Do you ever think about the unwritten rules that run your life? It seems I discover a new one every day – an most of them are not of my making. I’m following someone else’s rules as if they are some kind of unbreakable law. The punishment? I never wanted to find out.
Until I started working on my personal capabilities and discovered that these rules were like a personal glass ceiling.
I could see through the barrier to the thing I wanted – but couldn’t get there with shattering those unbreakable rules. My rules about work and life calcified into a virtual dictator, governing my every move.
I spent the first half of my career “going to the office” every day. Having a defined place and time to do work was both freeing and limiting at the same time. This was an ancient era with no laptop and cell phone to keep me working, so when I was at home, it was NOT work time. When I was at work, it was work time. Easy.
Then I joined a small leadership firm with a distributed, virtual team. By now, computers and cell phones (not smart phones) were the norm and I worked from home. We converted my empty living room into an office, with a desk, computer station, file cabinets and all the things that recreated the office environment of my previous experience.
Along with the office environment came the rules.
Every day, I would sit down at 8:00 and work until lunch. After my very official lunch break, I worked in the afternoon until 5:00 or 6:00 and then be off. When I didn’t have anything pressing to do, I did a great job of looking busy and productive. After all, I wanted my boss, who lived 1500 miles and two time zones away, to see that he was getting his money worth. Could he see me working? No, although you would have thought there was a livestream camera in the corner watching my every move. What did my boss actually want? Results. As long as I delivered on the promises I made and got the outcomes we agreed to, he really, really, really did not care when I was at my desk or how “workish” I looked while working.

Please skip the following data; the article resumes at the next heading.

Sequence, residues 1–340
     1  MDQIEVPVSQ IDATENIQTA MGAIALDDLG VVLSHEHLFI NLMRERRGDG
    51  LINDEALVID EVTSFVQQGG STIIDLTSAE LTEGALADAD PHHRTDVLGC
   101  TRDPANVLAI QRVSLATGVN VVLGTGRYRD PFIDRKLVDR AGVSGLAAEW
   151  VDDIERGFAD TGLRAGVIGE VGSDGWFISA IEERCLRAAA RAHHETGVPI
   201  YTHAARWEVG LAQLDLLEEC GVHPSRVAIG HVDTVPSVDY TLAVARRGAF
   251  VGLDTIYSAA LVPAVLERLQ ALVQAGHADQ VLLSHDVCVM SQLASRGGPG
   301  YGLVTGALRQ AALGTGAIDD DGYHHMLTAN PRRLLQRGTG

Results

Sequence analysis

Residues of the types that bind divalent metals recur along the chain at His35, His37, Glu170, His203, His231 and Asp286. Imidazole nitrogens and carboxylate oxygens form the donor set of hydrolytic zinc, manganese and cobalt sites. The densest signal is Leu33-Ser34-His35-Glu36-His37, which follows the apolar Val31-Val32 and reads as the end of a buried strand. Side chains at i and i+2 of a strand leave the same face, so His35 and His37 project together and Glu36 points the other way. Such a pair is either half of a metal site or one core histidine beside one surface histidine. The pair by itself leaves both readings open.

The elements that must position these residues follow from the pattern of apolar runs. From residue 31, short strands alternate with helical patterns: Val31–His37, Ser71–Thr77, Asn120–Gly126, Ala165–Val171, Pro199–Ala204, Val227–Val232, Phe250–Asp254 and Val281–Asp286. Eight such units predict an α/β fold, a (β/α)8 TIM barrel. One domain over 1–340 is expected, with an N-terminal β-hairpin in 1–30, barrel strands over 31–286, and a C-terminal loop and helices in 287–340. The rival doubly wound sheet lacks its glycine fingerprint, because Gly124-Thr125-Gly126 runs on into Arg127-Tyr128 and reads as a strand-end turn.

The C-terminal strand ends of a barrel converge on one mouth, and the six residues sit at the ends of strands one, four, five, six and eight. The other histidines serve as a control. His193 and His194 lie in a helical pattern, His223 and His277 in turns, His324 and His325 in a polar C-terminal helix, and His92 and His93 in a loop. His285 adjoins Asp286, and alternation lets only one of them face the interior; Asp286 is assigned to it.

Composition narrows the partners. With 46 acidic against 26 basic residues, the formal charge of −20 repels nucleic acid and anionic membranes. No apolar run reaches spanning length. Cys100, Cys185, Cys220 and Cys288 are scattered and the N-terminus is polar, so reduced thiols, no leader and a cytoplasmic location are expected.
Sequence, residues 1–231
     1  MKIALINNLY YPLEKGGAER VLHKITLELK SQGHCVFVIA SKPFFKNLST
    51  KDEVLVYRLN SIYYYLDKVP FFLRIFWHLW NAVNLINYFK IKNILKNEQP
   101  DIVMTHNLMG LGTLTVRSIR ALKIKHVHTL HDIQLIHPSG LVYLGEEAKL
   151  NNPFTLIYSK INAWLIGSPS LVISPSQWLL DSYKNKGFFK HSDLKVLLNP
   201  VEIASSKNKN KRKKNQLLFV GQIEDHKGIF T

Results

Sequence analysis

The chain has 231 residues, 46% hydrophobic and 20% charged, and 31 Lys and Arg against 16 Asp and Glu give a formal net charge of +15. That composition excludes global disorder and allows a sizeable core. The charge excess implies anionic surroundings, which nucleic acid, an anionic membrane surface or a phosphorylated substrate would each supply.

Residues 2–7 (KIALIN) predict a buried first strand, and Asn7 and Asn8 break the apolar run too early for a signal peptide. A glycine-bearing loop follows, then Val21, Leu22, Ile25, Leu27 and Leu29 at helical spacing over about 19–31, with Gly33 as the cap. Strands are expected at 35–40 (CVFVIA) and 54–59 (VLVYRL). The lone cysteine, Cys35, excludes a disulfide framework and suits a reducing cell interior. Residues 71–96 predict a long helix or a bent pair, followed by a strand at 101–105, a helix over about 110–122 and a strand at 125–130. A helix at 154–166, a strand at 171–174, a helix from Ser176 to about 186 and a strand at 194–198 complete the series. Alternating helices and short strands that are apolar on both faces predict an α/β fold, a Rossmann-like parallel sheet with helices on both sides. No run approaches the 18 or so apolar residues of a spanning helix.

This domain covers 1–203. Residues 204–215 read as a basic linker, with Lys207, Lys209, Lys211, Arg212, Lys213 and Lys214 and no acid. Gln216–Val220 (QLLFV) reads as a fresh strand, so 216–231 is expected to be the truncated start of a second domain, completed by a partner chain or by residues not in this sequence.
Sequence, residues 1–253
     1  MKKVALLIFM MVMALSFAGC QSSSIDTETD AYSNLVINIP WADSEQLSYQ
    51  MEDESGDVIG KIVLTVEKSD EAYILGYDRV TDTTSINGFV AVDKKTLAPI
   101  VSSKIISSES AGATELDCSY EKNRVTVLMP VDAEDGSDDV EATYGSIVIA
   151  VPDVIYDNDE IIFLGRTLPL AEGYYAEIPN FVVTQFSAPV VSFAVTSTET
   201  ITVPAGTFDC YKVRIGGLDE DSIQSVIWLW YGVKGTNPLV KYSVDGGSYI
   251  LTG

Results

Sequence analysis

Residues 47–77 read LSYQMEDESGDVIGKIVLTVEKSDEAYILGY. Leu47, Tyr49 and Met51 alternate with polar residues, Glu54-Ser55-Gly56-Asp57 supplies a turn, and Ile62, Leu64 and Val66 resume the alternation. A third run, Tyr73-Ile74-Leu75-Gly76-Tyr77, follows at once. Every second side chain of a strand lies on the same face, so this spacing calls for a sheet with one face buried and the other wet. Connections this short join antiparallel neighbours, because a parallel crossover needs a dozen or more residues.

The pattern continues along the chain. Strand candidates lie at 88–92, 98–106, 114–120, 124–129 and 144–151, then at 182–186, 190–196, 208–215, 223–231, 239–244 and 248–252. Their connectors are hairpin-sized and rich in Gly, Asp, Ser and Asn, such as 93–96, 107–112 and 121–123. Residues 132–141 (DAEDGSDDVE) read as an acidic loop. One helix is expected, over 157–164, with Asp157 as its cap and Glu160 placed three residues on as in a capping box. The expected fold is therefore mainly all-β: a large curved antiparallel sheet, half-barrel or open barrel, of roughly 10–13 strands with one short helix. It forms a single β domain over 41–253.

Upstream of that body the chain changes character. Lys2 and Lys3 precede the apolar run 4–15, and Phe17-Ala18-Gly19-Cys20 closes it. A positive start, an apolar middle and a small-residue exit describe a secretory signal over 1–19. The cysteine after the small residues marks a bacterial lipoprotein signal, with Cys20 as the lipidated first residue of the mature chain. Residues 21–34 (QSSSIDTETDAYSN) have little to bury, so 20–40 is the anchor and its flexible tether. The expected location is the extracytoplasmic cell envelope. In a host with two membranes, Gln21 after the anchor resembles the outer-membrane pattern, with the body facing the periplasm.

The rule I had invented for such circumstances was “look busy no matter what”. I’m sure it came from a previous job and it was completely irrelevant in this circumstance.
Actually, this rule was more than irrelevant. It was limiting.
Why? Much of this virtual job required me to develop insights and be creative. What I needed instead of chaining myself to a desk in an office was to set the conditions for me to deliver on my promises. For me, walking is the most powerful way I’ve found to prime my creativity and put things together in new ways.
Would I have dare take a walk in those days? Not on your life.
One day it dawned on me that my decisions were more often than not based on some stupid rule that I had been taught for different circumstances and then carried forward. Examples:
I didn’t just all of the sudden uncover these rules (and there are many, many more). They were much more invisible and embedded than that. They were more like the dirty film on the window that you don’t notice until after the window gets washed or the dirt that becomes part of the carpet until a good shampoo.
Once I started working from the inside out, I began to look at my decisions differently. What rule is driving this decision? Is it relevant for today? Is it serving me and this situation?
Some rules are easier to change than others. Working with a coach has helped me through some of the deeper work of self-awareness – these rules can turn into beliefs that seem like truth. It takes another person to challenge your mindset. In fact, that’s the best reason to have a coach.
You can’t reach new levels with the rules designed for your past. The inner tyrant is quite convincing – and will keep your glass ceiling in place until you decide to change it.
What is on the other side of your glass ceiling? What is keeping you from living over there? What rules are running you? What would serve you now, in this place and time?